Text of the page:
4. Builder deposit mortgages

This is where a builder genuinely provides 5%-15% deposit without the need for you to provide one for yourself. This has to be a medium sized local builder or a large national builder.

5. Self certification mortgages

These are designed for self employed people and those who find it hard to prove their earnings. Borrowers state their own income and the mortgage amount is based on the declared earnings. Self cert mortgages are open to abuse by people fraudulently declaring their earnings to be higher than they are. This is, however, a criminal offence. The FSA (Financial Services Authority) estimates self cert mortgages make up 6% of the market.

6. Shared equity mortgages

Ideal for first time buyers, shared equity schemes allow people who are struggling to get on the housing ladder a chance to buy a property in partnership with the lender or government. Under the Government HomeBuy shared equity scheme you buy 75% of a property yourself with a shared equity mortgage from a select number of lenders and the remaining 25% with the help of a 'top up' shared equity home loan from the mortgage lender and the Government. After 5 years, a small amount of interest is payable on the ‘top-up' shared equity loans which are fully repayable when you sell the property. When you sell the shared equity property you may have to also forfeit a portion of any increase in equity.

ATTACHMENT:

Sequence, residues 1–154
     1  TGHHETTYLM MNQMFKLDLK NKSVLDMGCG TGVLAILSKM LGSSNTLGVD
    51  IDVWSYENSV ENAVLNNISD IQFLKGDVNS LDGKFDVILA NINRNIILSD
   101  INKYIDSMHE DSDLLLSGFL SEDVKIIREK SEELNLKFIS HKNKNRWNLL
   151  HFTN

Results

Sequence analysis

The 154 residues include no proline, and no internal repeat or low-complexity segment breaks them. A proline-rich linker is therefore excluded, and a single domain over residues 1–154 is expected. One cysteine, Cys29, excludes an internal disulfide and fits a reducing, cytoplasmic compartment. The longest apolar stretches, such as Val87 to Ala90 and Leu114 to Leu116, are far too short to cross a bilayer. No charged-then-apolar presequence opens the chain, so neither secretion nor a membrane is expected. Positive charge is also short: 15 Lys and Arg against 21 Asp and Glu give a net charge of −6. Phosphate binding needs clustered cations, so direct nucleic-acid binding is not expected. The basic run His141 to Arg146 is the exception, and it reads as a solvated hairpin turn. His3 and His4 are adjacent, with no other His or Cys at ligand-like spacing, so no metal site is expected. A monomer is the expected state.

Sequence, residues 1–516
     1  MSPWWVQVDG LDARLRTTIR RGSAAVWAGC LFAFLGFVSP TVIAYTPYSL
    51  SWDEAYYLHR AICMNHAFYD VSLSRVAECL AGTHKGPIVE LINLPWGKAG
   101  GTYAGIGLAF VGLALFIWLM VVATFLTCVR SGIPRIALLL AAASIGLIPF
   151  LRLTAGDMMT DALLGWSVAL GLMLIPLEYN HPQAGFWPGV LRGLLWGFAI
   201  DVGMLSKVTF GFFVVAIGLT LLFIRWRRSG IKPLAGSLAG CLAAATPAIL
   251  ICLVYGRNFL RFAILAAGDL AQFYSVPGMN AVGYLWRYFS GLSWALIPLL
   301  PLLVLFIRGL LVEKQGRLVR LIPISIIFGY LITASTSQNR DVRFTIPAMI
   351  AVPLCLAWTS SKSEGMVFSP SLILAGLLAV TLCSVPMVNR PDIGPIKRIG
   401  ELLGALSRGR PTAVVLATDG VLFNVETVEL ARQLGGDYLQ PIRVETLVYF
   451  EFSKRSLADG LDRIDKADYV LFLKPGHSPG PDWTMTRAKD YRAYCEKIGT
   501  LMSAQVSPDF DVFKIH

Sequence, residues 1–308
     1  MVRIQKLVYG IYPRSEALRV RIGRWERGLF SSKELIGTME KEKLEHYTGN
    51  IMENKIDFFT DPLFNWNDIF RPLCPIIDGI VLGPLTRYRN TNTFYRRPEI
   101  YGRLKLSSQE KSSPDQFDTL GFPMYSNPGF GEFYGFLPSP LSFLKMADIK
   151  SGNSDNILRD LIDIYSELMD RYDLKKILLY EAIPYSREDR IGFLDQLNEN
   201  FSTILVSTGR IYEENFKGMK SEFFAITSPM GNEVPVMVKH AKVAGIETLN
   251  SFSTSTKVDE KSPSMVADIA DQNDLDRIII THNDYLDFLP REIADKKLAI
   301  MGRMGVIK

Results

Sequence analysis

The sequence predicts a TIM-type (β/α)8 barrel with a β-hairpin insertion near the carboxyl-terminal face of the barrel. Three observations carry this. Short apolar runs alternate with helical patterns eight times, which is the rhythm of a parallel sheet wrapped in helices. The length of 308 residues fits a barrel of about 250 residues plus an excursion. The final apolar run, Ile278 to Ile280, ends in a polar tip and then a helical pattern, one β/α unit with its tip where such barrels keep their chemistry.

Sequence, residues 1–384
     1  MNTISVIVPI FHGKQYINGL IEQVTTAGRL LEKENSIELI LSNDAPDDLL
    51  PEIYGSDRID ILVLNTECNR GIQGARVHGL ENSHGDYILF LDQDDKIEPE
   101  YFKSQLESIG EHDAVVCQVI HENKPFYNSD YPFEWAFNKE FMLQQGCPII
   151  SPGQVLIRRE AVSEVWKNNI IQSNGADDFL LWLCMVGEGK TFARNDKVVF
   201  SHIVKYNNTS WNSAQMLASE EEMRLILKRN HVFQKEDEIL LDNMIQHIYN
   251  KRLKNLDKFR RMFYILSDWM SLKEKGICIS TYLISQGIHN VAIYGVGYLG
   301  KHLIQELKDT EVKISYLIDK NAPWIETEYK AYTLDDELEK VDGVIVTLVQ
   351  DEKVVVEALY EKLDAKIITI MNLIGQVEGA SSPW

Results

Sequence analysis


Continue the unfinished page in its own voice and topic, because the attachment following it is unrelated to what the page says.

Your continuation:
7. Shared ownership mortgages

These often occur in partnership with housing associations where the tenant elects to buy a percentage of the house and pays rent on the rest. You may be able to increase your share as time goes by, sometimes to 100%; this is called 'staircasing'.

8. Euro mortgages